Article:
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From which ceremony the goat be-
25, &c.); and we learn from the last
It is maintained, indeed, by some, that the flesh of all sin offerings became polluted by the rite of sacrifice, and that whereas it is said, (Lev. vi. 18,) Every one that toucheth it shall be holy," this should be rendered "shall be sanctified or cleansed," shall be under the necessity of cleansing himself. In proof of this, Dr. Magee appeals to what is adduced in Wall's Critical Notes, where he says this point is most satisfactorily treated. We have not access to this work, and shall, therefore, only say that we require more than Dr. Magee's dictum to persuade us that Wall or any man, can prove that flesh, of which the ministering priests ate, in the holy place, as of a most holy thing, was such as to pollute and contaminate those, who touched it.
We are not called upon at present to give any theory for the explanation of that pollution which seems to have inhered in the bodies of those sinofferings of which the blood had been taken into the holy, or most holy place. Only we appeal to the judg ment of our readers, to determine whether these few instances in which sacrifices for sin seem to have involved pollution, out of a great number of other sin-offerings which involve no idea of pollution, can be considered as conclusive.
What creates suspicion of the unsoundness of this argument, is the small proportion of cases in which the imposition of hands and (supposed) confession of sins over the victim seems to convey this impurity. For there are only four instances of it. The sin offering of ignorance for the high-priest, (Lev. iv. 3,) that for the whole congregation, (Lev. iv. 13,) and the sin-offerings at the festival of expiation, one for the high-priest and house of Aaron, another for the congregation of Israel. (Lev. xvi.) There is no indication of impurity being conveyed to the victim by imposition of hands in the following cases: the sinoffering for any of the common people who had sinned through ignorance; the sin-offering of ignorance for a ruler, all the trespass-offerings, peaceofferings and burnt-offerings. Now, the flesh of the victims employed in these various sacrifices, so far from being considered as polluted by sacrifice, was either wholly consumed on the altar, or was used in holy festivals, or else was the portion and subsistence of the priests who officiated. Nay, it is sometimes pronounced to be most holy, and on that account not to be eaten but in the holy place, by every male of the family of Aaron. (Lev. vii. 6.)
And this is particularly affirmed respecting the flesh of all sin-offerings, excepting those cases of sin-offering which have been particularized as be ing burnt without the camp (Ley. vi.
aggravated cases was inflicted upon the offender himself, in lighter offences was transferred to his victim, and that the punishment of the beast was substituted for the punishment of the man?"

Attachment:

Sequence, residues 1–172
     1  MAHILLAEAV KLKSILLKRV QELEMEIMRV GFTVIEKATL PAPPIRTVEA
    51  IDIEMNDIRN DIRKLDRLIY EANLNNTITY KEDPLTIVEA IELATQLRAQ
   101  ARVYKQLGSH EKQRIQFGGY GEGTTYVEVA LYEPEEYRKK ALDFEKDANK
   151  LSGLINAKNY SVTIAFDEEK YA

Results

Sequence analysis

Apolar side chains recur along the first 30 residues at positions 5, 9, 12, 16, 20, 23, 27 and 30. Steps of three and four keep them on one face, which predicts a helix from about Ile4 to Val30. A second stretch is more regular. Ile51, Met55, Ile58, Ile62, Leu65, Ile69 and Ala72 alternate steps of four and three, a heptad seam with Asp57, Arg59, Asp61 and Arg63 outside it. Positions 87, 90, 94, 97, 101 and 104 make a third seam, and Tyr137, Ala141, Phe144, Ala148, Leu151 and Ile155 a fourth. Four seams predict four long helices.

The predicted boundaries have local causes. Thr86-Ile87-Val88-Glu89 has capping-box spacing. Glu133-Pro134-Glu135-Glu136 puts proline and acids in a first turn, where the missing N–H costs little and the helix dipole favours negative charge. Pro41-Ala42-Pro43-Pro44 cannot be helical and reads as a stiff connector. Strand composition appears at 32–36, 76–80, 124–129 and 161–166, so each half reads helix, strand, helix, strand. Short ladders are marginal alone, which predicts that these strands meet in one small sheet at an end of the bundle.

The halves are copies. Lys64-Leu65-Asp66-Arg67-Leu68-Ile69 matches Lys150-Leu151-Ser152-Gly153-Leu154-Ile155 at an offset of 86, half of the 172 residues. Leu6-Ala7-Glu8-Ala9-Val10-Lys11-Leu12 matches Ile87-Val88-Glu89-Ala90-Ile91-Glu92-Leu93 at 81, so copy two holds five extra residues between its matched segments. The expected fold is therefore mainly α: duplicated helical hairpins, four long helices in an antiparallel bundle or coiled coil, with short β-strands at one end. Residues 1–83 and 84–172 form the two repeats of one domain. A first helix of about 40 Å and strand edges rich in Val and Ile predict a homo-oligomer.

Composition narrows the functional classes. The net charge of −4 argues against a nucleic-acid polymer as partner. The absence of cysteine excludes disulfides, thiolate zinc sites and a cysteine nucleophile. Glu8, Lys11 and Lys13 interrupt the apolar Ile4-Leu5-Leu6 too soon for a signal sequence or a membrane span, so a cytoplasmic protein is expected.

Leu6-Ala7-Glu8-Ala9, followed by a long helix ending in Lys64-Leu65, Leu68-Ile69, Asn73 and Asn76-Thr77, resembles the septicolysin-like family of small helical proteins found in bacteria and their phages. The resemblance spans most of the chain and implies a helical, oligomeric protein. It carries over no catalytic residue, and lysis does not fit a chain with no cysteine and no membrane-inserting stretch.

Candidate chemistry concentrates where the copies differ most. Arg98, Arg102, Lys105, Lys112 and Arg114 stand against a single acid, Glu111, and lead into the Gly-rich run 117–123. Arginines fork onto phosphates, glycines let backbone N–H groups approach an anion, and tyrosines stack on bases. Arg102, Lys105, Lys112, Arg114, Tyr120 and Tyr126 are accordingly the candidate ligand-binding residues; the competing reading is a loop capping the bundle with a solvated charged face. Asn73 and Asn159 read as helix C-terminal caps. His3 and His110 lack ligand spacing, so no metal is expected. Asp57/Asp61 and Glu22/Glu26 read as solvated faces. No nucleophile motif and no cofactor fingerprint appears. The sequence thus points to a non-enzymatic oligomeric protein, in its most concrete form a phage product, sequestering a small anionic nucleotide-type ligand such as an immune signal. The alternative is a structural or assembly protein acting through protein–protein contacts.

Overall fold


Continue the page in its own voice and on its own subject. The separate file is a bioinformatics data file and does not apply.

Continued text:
selection of the phrase "vicarious import of the Mosaic sacrifices," declares even this position to be unnecessary for the establishment of his main argument, and after having bestowed more than twenty pages upon the proof of vicarious import in the Mosaic sacrifices, subjoins a No. 40, in which he amusingly tells his fatigued reader that all this had been "an argument ex abundanti," and had been introduced rather for the purpose of shewing the futility of objections so confidently relied on, than as essential to his inquiry.
We must profess ourselves incapable of perceiving these evident marks of vicarious punishment, which our author claims for the instances which he here adduces. May not the following explanation sufficiently account for this difference of treatment, namely, that when the offence was too light and fugitive to be treated in a strict, judicial way, the Divine Lawgiver was pleased to appoint a method by which the offender might be reconciled as a worshiper?
All that Dr. Magee considers as necessary to the defence of what is called orthodoxy on this subject, is to shew that the Jewish sacrifices were propitiatory, (or in other words, says he, No. 40,) that in consequence of the sacrifice of the animal, and in virtue of it, either immediately or remotely, the pardon of (sin in) the offender was procured.
For our own part, however, we are of a different opinion, and feel it necessary to maintain the position still further against all objectors, that the Mosaic law contains nothing emblematical of vicarious punishment.
There is an argument, used by Dr. Outram, on the opposite side of the question, which it seems proper to examine. He says, (lib. 1. cap. xxi. § 6,)" Although there is a somewhat clearer indication of vicarious punishment in those sacrifices in which the blood of the victims was carried into the holy place, and their bodies burnt without the camp, yet the same meaning really existed in all the other trespass and sin-offerings. Which is apparent from this, that when offences of a more aggravated nature were to be expiated by the death of the guilty person himself, those of a lighter kind were to be expiated by the blood of an animal. For example, let it be supposed that any one had reached such a height of impiety as to compose for his own use holy oil,
The ceremony of shedding and sprinkling the blood of the victim in the ritual of the Mosaic sacrifices, is thought to be a strong argument in favour of the opinion of vicarious punishment. And though, as we have observed already, any force which this may appear to have from other considerations is weakened by the occurrence of the ceremony in Mosaic sacrifices of all kinds, that is, in a great number of sacrifices where no confession of sins took place, and consequently no vicarious import could possibly be conveyed; yet it must be allowed that more is to be said in defence of the vicarious import of this part of the sacrificial rite than any other.
for by his own death: on the contrary, the same crimes committed through ignorance and by accident, were to be expiated by the blood of a victim. Wherefore," says Dr. Out"what can be more evident than that the punishment, which in more